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Thread: Zero-Tolerance Maddness in Schools

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    Zero-Tolerance Maddness in Schools

    Here are a few articles I found earlier today:

    A high school student in Louisiana has been expelled from her school for one year because she had Advil pills in her purse.

    Sophomore Amanda Stiles was expelled from Parkway High School in Shreveport, La., after a teacher searched her purse because she was suspected of being among a group of students smoking cigarettes on school grounds, the Shreveport Times reported.

    "I think a one-year expulsion for an over-the-counter medicine is pretty severe," Stiles' mother, Kelly Herpin, told the paper.

    Herpin and Stiles appealed to a school board committee last night, but the panel and the full board voted unanimously to uphold the one-year expulsion.

    "I'm not really sure at this point what we'll do," Herpin told the Times. "I'm going to have to talk to my husband, and we're going to have to make some plans. I'm not sure we could afford a private school. We've been looking at moving to another area."

    Stiles said she carried the over-the-counter medicine because of frequent headaches, but the Bossier Parish School District maintains it is following a state law barring drugs on campus and its own "zero-tolerance" policy.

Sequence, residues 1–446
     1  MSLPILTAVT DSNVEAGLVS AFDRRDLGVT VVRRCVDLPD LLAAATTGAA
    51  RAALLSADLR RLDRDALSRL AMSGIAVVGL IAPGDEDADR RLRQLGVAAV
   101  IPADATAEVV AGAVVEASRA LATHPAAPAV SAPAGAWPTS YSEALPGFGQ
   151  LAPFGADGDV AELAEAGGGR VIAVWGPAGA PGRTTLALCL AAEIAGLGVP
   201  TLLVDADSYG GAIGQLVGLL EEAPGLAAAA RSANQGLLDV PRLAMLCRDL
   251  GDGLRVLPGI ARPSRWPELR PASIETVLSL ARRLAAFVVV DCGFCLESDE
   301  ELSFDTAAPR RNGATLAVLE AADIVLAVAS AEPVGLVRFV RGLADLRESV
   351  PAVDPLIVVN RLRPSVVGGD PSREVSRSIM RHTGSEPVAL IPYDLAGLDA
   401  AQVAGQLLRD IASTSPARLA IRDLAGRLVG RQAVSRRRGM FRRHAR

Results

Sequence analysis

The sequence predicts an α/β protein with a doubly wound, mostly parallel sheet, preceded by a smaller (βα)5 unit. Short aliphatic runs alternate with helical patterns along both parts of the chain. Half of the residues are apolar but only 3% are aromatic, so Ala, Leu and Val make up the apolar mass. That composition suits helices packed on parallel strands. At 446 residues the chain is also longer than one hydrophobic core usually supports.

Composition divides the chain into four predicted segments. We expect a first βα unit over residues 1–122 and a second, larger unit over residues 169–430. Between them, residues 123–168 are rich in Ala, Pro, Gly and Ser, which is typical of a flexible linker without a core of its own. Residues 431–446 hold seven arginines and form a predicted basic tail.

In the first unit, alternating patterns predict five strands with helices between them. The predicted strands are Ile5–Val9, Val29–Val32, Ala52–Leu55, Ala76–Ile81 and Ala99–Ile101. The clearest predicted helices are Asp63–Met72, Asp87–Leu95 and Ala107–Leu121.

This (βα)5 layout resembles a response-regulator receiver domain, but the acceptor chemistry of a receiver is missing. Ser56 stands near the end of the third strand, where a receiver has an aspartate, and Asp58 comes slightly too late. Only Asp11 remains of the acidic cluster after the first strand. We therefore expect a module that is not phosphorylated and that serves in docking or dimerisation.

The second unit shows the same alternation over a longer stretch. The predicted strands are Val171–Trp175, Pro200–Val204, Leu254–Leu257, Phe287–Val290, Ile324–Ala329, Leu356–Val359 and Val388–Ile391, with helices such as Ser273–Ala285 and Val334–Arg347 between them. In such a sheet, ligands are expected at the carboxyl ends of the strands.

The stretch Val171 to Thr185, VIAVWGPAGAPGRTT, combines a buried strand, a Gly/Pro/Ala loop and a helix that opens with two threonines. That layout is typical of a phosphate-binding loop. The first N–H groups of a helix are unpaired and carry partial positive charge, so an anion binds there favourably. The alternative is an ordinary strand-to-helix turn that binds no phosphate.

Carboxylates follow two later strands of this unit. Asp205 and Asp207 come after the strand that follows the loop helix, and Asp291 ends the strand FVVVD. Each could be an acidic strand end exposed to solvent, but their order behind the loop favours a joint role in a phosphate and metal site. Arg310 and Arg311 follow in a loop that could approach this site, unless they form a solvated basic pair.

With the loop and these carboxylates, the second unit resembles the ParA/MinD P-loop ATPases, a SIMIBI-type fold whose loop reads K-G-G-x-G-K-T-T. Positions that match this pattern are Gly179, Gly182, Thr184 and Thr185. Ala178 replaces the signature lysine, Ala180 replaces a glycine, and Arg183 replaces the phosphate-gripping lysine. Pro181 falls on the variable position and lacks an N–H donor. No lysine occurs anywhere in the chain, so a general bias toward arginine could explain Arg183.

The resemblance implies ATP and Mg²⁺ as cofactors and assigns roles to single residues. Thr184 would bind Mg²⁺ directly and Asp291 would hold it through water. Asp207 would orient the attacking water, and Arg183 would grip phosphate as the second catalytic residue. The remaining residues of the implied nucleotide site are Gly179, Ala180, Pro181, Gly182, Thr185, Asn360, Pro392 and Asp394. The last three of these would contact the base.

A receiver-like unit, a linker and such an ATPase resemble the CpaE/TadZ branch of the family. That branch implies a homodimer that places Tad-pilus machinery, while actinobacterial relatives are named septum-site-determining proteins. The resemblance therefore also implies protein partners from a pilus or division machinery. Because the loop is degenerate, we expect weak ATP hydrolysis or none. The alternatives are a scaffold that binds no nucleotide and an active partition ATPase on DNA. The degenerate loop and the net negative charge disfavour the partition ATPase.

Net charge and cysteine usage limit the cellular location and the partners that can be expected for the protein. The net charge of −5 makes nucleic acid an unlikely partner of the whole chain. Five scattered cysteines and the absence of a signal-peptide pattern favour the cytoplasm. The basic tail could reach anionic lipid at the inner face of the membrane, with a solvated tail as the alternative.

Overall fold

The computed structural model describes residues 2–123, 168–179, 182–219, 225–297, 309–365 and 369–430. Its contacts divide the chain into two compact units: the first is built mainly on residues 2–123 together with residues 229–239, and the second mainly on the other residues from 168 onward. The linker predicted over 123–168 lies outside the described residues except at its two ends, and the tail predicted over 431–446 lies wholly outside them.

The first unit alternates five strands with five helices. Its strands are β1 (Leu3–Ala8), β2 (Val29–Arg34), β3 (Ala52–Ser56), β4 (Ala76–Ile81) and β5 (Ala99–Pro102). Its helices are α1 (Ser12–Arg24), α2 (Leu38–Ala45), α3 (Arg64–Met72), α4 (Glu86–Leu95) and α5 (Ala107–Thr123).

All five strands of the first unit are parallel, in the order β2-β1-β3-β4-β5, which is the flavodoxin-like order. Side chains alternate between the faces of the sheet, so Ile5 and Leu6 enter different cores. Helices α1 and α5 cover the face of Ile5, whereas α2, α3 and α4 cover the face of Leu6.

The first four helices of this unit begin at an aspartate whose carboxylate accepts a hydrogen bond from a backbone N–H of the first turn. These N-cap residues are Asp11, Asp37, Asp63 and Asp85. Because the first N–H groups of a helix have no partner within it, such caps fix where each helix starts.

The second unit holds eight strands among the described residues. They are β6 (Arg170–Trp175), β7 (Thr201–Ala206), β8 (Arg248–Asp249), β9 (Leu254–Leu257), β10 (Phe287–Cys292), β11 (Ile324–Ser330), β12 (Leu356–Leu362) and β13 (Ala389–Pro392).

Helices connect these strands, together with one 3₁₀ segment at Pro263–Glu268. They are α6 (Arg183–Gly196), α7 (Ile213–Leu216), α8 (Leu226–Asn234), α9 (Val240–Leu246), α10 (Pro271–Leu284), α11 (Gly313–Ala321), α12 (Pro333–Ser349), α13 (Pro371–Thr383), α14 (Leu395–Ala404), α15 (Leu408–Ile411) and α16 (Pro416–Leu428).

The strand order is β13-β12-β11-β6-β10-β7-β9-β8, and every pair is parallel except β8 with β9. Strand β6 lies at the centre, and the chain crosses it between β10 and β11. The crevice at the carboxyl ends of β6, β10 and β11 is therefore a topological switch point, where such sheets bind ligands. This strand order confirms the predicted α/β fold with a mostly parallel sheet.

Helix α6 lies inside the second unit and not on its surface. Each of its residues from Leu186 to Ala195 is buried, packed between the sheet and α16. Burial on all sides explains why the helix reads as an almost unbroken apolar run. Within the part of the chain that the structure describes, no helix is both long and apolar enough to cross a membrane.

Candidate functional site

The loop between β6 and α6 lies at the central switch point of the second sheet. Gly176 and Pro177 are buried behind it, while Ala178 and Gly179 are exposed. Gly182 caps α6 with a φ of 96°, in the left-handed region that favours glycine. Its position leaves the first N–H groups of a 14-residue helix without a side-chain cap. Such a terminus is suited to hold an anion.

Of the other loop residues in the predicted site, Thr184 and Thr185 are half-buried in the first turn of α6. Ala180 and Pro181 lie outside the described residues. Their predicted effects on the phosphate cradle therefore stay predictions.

"I just never thought about the fact that I could be searched," Stiles said, according to the Shreveport paper. "I think we're old enough to know how many [pills] we can take without overdosing or being in danger."

    After the appeals hearing, Superintendent Ken Kruithof said state law mandates a one-year suspension for drugs, but he did not know whether it covered nonprescription drugs as well. Betty McCauley, Bossier schools student services director, said the law includes nonprescription drugs, but she said having medication on campus doesn't automatically lead to a one-year expulsion.

    "After an investigation and a hearing then, if necessary, punishment is administered. It could be no punishment," she said.

    If Stiles wants to pursue the case further, she must sue the school district. The Times said, so far this school year, officials report 18 students were sent to the system's alternative school for possessing "pills."